(i) Latitudinal (south-north) migration – one or two species, plus regional populations of two others.
(ii) Altitudinal migration – regional populations of three species.
(iii) Resident species that do not undertake seasonal movements – 24 species (35% of the total).
(iv) Resident species that undertake local movements – 10 species (15%).
(v) Species in which nomadic habits are moderately well developed – 12 species (17%).
(vi) Blossom nomads undertaking random movements of wide amplitude – 10 species (15%).
(vii) True desert nomads – 3 species (4-5%).
Some of the categories overlap (especially (iii) and (iv)), and it is uncertain to which category a few species should belong.
(11) Usually the kind of seasonal movement undertaken is sufficiently constant to be regarded as a species character, although minor shifts are not uncommon towards the periphery of range. About eight species (15%), however, have basically different patterns of movement in one or more parts of their range, hence they can be said to vary geographically in this character as races do morphologically. Several of these instances concern populations in the isolated forest segment of south-western Australia, a faunistically impoverished area where competitive interrelationships are different from the east.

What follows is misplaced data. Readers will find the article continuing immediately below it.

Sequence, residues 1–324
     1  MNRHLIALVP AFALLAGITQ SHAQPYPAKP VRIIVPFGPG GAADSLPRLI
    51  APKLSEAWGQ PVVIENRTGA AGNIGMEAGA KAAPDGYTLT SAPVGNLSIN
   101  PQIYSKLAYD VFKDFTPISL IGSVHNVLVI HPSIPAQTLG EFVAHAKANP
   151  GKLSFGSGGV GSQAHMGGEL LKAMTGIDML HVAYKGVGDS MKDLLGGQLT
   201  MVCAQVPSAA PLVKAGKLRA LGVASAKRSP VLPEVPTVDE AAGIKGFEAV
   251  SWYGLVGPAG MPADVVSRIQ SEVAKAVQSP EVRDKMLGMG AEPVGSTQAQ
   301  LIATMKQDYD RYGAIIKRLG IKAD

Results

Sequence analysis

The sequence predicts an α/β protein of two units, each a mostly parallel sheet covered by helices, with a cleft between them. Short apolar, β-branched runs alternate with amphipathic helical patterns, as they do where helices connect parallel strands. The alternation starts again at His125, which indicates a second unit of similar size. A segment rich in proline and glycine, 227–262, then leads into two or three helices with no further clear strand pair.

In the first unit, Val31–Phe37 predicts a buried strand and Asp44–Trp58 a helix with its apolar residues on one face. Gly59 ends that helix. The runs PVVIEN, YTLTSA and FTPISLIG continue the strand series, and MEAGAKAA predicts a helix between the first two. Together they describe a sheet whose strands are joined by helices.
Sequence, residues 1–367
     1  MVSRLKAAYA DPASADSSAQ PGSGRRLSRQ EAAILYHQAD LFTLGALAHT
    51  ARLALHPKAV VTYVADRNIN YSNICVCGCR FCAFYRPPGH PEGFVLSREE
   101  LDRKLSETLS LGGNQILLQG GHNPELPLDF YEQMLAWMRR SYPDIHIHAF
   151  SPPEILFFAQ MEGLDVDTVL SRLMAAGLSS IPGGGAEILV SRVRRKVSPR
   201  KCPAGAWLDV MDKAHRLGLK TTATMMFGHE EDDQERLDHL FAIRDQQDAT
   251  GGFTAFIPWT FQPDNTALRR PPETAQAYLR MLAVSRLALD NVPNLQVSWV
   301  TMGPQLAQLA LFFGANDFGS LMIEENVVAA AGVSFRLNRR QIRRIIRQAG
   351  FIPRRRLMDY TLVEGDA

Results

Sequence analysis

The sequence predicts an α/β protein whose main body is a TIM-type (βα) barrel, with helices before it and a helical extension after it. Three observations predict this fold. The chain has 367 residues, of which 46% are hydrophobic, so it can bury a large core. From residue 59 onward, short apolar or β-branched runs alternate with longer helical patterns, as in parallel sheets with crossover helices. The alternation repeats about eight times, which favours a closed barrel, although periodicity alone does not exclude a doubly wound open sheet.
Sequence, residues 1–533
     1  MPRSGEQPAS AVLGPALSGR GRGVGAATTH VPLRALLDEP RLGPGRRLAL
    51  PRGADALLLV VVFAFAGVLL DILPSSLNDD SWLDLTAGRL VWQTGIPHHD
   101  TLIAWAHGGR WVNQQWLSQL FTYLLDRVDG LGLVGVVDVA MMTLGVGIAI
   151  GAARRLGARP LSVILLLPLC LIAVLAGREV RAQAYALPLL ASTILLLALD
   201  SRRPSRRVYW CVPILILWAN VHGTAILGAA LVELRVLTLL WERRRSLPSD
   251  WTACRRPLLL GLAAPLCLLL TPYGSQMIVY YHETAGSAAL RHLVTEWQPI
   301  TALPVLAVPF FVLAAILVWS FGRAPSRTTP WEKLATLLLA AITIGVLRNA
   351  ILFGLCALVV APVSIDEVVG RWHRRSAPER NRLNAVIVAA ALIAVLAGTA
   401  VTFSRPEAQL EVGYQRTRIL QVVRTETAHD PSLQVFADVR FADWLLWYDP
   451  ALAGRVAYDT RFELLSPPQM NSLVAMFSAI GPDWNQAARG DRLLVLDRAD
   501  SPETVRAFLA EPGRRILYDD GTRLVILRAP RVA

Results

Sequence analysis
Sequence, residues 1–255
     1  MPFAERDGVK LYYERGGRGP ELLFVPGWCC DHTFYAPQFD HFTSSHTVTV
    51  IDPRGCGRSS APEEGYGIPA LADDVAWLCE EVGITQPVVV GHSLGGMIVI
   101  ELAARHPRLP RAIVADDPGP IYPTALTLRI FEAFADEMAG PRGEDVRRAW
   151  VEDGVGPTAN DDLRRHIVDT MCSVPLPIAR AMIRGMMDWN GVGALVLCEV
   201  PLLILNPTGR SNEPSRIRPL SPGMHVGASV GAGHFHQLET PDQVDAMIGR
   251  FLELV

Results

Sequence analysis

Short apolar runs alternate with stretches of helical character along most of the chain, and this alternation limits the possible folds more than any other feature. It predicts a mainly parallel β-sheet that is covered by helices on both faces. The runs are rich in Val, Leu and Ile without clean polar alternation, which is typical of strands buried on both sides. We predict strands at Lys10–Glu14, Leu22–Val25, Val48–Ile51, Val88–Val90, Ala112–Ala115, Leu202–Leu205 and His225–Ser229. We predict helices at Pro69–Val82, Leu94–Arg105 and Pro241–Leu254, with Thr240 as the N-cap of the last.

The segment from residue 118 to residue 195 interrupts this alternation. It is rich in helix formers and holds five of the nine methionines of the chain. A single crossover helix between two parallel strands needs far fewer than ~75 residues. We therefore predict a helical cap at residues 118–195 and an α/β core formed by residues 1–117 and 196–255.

(12) Different patterns of seasonal movement have a function in reducing interspecific competition for food in the Australian Meliphagidae.
(13) Wing morphology varies with extent of seasonal movements, a long pointed wing characterizing Myzomela nigra, Certhionyx variegatus, and Grantiella picta, whose movements extend the length of the continent. Within Myzomela there are relative differences in wing-length between species undertaking extensive, moderate, and no, seasonal movements. In other genera, and in the case of regional populations within species, slight to moderate differences are not, however, reflected in changed wing-form. This could be because the meliphagid wing is already proportioned for considerable mobility.
© Royal Australian Ornithologists Union 1967